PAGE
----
Tuesday, August 19, 2014

Beautiful Gardens... Destination Pittsburgh

Thanks to Valley View Farms' owners Andy and Bill Foard, I was able to attend the national Garden Writers Association symposium, held this year in Pittsburgh. I have been in, out and around that city many times in my life, but this was my first chance to stay for 5 interesting, busy, fun-filled, days.
Rooftop garden at Phipps Conservatory Center of Sustainable Landscapes
 A typical day started with a breakfast meeting, followed by several information gathering seminars, lunch on a bus en route to beautiful gardens, an afternoon of touring and then dinner at a garden venue with 400 garden writers/bloggers, TV and radio garden show hosts, public garden administrators, book authors, photographers, and other garden communicators. The bus ride offered a chance to get to know writers from all over the US and Canada. This year, we were treated to tours of beautiful gardens in the Sewickley Valley, Phipps Conservatory, Schenely Garden Plaza, the East End and other areas in and around the Pittsburgh.
Here are some photos of some of the gardens. The plants, flowers, and venues were incredible. I fell in love with the Phipps Conservatory. The outdoor gardens were spectacular!
Perennial gardens outside the Conservatory

Great garden performers 

Two formal water gardens could be seen from inside; I had to check them out!

 The indoor conservatory was just plain fun, with trains, dinosaurs and displays of Chihuly glass in unexpected places.
Trains were featured in several of the indoor rooms

Chihuly glass


Annual and tropical plants with the choo-choo train

Interesting desert room reminded be of Baltimore's conservatory

The private gardens were over the top. Beautiful tree hedges, mulched "lawns", old garden gates and, again, dinosaurs provided whimsy and unexpected storytelling in many gardens. The hosts opened up their grounds to hundreds of us.
Texture and color; flowers are secondary

Too much sun? This garden seat offers comfortable shade.

Peek through the garden wall for a look at the pool

This extensive pruned tree hedge bordered the upper lawn beautifully

Layers of shrubs on an emerald lawn-Wow!

Ivy covered walls

Dinosaurs need strong legs to cover the many hills in and around Pittsburgh

All of our  garden hosts were super friendly and knowledgeable 

Footbridge across Fern Gully

Lions were a common sight at many of the entrances 

 One of the gentlemen even started up his 1957 tractor, connected it to a cart and picked up some of the more physically challenged of our group, so that they didn't have to make the long trek up his driveway.

Our host talks to plants-man LLoyd Traven about his garden

Bit out of my price range, but beautiful just the same

Even the parking area gets the garden treatment
The planning committee did an extraordinary job. The garden tours made me wonder about the hidden gardens in our own community here in Baltimore.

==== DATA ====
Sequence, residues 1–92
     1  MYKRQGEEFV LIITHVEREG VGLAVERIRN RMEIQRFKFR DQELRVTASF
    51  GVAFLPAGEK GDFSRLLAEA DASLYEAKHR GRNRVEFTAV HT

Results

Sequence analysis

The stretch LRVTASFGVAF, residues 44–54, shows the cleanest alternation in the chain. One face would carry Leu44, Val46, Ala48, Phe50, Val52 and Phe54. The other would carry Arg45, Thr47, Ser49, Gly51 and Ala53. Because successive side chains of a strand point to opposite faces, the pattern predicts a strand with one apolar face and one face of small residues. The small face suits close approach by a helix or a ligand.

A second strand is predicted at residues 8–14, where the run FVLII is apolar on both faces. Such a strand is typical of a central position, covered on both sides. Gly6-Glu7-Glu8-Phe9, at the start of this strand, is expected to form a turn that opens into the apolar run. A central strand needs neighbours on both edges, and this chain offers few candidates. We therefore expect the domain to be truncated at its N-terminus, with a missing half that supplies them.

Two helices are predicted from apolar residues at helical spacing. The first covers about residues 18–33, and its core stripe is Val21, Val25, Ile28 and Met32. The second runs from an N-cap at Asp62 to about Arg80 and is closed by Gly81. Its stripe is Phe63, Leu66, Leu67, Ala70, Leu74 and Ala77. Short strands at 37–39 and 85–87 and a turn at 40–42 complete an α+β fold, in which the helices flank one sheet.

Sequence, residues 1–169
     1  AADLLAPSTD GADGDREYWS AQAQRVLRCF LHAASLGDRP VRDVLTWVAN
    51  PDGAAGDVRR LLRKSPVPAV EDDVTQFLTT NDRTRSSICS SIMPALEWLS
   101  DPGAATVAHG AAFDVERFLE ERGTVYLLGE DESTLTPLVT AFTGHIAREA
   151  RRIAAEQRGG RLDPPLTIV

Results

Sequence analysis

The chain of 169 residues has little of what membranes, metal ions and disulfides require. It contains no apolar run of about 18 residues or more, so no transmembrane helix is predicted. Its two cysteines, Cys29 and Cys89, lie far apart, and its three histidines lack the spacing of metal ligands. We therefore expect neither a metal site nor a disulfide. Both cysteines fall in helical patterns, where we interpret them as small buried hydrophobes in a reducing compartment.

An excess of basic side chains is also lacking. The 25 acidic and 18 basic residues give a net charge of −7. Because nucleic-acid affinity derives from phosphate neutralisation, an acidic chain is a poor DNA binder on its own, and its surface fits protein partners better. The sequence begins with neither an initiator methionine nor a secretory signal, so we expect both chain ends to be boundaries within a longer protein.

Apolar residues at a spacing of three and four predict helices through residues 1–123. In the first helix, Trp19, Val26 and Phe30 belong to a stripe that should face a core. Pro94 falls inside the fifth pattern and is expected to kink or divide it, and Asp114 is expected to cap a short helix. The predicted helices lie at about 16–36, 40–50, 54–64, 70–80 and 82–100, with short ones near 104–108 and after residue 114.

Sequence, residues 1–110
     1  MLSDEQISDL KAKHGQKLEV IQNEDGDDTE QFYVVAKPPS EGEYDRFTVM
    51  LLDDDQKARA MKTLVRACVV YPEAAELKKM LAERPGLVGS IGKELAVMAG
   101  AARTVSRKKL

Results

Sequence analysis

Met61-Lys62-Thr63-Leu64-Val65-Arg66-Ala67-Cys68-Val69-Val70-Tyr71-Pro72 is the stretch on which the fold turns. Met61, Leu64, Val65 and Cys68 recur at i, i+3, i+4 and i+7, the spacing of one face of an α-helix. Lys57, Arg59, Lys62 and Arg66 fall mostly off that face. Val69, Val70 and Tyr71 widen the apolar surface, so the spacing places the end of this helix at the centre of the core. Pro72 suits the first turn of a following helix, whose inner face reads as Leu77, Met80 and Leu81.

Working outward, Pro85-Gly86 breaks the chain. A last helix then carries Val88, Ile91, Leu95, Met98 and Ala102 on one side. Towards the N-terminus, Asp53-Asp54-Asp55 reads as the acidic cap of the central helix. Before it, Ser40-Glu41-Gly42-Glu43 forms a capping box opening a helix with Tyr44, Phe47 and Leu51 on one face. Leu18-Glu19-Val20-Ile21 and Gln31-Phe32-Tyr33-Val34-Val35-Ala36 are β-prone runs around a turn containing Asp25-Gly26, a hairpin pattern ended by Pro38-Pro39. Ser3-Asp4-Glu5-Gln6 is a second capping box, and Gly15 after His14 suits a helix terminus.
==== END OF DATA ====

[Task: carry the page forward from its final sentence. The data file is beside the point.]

One day, I played hooky with 3 other garden writers- Susan Reimer, from our own Baltimore Sun, Ginny Smith, from the Philadelphia Inquirer and Susan Harris, a garden writer, blogger and green activist here in Maryland. We struck out on our own and found Randyland.

Randy Gilson  of Randyland

Quirky garden! That's an understatement!

Randy re-purposes junk and creates jaw-dropping gardens

Look up, down and all around; you don't want to miss anything

Buy lunch down the street and bring it back to enjoy in Randyland

This Pittsburgh neighborhood is forever changed

Container gardens bring flowers to the street front

 Susan Harris wrote about this unique garden in her blog, Garden Rant. Talk about passion! Randy's view of the world and the joy and enthusiasm he brings to it is extraordinary. The four of us wandered in amazement while listening to Randy talking about the "junk", (his term, not mine) and plants in his garden. He is a waiter in downtown Pittsburgh and used his tip money and donations to create a one-of-a-kind city-scape.  While we were there, people stopped to say hi and donate to Randy's mission. He has gardens all over the city, but this is the one he calls home. For more photos, google Randyland.

Thank you to all of the people connected with GWA. Pittsburgh has become a new place to travel to and spend time in after my attendance to the 2014 symposium.
Pittsburgh was a wonderful host town
 Next year, Baltimore plays host to another horticultural group, the Perennial Plant Association. What a great chance to show off our city and the gardens in our area. Grow, Baltimore!


  1. Carrie
    I am so sorry to miss Randyland! I need to go back just to see that.

  2. Claire, I highly recommend a stop next time you're near Randyland. It was a delightful surprise for us. Turns out Randy is a waiter at the Westin. I had breakfast there Tuesday morning and heard him waiting on customers. Cool guy; evangelical about his garden.